Two Reactions to the Gay Marriage Discussion:

An e-mail that I got today:

Thank you . . . for inviting Maggie Gallagher to guest-blog at your website this week . . . . While it is true my first instinct would be to reflexively disagree with one such as Ms. Gallagher should she write that “water is wet,” I instead find myself intrigued by her writing. Perhaps this is just a function of taking all of my arguments in favor of same-sex marriage from facially reasonable people and the arguments against from those who appear to be, at least, less sophisticated. I whole-heartedly welcome the inclusion of someone who is able to get me to question some of my own assumptions and think more deeply about an issue that is all too often dominated more by sentiment than reason.

And a post I saw yesterday on another blog (a blog subtitled “A collection of real-world libertarian, individualist and laissez-faire rants on law, economics, politics, culture and other current events by an average, everyday lawyer & investment banker and part-time pop scholar”):

Eugene Volokh is “delighted” that Maggie Gallagher is guest-blogging at his site to debate same-sex marriage.

I’m “delighted” that I de-blogrolled him well over a year ago. It saves me having to do it now.

Gallagher, a notoriously vicious anti-gay bigot, is not a constitutional law scholar (in fact she’s not even an attorney) and has nothing jurisprudential to bring to any debate on same-sex marriage. This “debate” will really be about the “pros and cons” of anti-gay bigotry, rationalized as a legal debate on same-sex marriage.

Perhaps next Volokh will invite some of those Ohio Nazis to guest-blog to discuss the “pros and cons” of anti-Semitism and rationalize it as a debate on the heckler’s veto.

Readers can no doubt infer which of these reactions strikes me as the wiser one; still, let me offer three thoughts about the second reaction:

1. A sense of proportion: If disapproval of same-sex marriage is analogous to Nazism, then I suppose we live in a nation where the majority of the voters — and apparently both major candidates for President last election — are tantamount to Nazis. And of course the parallels are striking. Nazis: Exterminated homosexuals. Opponents of same-sex marriage: Are skeptical about departing from a millennia-old tradition to extend full legal equality to homosexual relationships. Nope, I can’t tell the two apart, either; sounds like a great analogy to me.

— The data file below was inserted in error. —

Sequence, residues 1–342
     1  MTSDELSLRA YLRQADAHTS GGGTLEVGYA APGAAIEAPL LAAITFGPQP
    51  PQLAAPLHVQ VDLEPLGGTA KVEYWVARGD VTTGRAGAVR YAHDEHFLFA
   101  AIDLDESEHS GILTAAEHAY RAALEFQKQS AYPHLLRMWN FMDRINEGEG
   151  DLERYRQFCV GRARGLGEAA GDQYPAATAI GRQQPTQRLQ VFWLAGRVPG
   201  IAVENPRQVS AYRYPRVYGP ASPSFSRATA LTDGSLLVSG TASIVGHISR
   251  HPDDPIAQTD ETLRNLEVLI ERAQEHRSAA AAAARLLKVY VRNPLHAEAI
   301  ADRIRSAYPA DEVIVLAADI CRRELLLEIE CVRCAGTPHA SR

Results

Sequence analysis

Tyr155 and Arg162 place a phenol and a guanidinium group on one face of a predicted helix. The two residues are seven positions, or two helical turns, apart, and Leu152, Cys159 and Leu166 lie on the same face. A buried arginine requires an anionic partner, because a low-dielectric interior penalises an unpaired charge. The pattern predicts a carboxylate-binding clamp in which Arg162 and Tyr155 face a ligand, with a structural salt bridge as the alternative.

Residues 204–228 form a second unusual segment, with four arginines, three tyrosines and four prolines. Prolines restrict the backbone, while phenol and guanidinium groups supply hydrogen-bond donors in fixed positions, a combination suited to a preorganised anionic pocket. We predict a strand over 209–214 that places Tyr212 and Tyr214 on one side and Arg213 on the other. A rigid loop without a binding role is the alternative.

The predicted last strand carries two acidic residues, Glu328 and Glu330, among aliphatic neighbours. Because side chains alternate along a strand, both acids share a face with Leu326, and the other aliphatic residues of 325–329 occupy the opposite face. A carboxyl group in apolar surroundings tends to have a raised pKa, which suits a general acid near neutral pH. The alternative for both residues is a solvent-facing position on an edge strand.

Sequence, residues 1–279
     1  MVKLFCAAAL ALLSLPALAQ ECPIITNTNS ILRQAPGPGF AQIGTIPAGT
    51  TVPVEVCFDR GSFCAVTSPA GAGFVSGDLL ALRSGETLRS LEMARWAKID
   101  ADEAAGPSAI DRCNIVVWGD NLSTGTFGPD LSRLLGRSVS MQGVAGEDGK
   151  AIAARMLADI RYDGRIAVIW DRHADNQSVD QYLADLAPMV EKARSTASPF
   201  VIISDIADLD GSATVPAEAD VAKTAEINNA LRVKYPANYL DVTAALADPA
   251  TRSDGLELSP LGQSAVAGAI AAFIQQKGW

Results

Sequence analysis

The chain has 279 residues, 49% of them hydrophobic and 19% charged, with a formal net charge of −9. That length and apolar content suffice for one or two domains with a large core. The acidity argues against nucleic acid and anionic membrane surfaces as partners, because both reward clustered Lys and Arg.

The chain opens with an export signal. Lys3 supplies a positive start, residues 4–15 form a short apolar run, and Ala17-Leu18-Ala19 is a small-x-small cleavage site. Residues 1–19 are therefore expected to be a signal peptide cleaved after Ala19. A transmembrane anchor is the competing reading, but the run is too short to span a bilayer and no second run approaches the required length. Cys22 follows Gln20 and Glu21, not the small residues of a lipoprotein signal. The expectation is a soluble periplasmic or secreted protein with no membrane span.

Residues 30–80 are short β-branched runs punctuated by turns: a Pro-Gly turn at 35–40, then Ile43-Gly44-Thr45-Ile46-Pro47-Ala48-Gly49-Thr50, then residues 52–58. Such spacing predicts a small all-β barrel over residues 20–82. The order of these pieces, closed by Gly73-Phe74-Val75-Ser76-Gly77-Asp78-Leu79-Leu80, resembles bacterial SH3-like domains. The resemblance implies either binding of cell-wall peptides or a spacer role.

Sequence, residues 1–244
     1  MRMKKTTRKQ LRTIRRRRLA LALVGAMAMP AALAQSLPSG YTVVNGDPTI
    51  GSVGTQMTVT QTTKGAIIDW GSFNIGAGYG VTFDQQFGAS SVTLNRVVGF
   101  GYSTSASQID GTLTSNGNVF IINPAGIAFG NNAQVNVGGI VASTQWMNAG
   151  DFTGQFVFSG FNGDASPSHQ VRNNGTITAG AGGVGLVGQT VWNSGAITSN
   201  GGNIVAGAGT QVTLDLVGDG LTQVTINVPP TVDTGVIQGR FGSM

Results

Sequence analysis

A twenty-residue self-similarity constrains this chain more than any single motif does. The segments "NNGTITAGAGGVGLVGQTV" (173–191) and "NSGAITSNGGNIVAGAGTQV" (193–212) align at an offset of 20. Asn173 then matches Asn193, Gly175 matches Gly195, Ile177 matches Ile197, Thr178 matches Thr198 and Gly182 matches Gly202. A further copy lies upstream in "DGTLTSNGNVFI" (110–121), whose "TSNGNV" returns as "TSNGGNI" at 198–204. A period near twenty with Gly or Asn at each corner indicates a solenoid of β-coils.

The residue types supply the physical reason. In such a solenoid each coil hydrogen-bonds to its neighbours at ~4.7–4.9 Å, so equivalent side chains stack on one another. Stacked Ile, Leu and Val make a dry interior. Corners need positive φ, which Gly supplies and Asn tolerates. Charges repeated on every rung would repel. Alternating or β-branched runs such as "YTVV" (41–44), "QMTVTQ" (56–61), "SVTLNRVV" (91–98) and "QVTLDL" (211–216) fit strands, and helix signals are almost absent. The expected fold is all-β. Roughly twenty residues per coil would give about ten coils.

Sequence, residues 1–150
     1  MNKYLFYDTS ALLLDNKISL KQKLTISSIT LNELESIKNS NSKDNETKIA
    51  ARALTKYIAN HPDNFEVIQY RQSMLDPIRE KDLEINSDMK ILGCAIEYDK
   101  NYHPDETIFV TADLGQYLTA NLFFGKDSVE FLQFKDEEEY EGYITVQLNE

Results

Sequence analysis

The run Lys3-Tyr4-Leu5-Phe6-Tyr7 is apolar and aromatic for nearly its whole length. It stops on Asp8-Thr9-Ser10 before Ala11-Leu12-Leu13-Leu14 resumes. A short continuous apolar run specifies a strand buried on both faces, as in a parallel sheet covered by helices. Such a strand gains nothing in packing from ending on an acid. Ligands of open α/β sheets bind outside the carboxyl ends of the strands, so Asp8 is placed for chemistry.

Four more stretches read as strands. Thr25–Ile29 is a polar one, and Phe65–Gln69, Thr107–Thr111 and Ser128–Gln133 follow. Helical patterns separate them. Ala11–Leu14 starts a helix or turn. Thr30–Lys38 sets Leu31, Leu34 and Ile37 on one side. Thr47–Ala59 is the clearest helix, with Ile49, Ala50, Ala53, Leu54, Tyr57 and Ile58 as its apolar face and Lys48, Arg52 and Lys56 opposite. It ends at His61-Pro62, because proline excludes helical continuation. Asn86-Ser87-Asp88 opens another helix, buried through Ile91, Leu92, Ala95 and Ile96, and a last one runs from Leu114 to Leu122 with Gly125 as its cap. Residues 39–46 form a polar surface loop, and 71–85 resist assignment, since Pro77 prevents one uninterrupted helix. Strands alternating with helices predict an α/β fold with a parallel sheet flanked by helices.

2. A sense of tactics: It would seem to me that, given that (1) most Americans oppose legal recognition of same-sex marriage, and (2) supporters of same-sex marriage presumably think that their arguments are more persuasive, the same-sex marriage supporters should welcome online debates on the subject. Silence, I would think, would tend to help the status quo. Debate would tend to help those who would change the status quo. (It’s possible that Volokh Conspiracy readers are somewhat more pro-same-sex-marriage than the public at large, though the opposite is surely possible, too. But in any event, even if factor 1 isn’t applicable among our readers, one would think that factor 2, as perceived by supporters of same-sex marriage, would still lead them to welcome more debate.)

This of course brings up another weakness of the Nazi analogy: It’s actually possible that Nazi vs. anti-Nazi debates might help the Nazis, just because Nazis are so unpopular that maybe there’s no place for them to go but up. But I would think that pro-same-sex-marriage debates (either Maggie Gallagher vs. Dale Carpenter or Maggie Gallagher vs. the commenters on her posts) would be in the interests of the pro-same-sex-marriage forces. Unless, of course, one gets more joy out of calling the other side names than one gets out of actionally winning.

3. A sense of superiority: Oh, and “Gallagher . . . not a constitutional law scholar (in fact she’s not even an attorney) and has nothing jurisprudential to bring to any debate on same-sex marriage” — nice touch! Of course, debate about same-sex marriage absolutely requires a law degree, and preferably constitutional law scholarship, plus something “jurisprudential to bring.” No possibility that maybe some topics actually have more to do with what’s good for society, what’s likely to happen if some policy is changed, and what’s fair (whether that leads you to support same sex marriage or oppose it) than with technical constitutional law doctrines.

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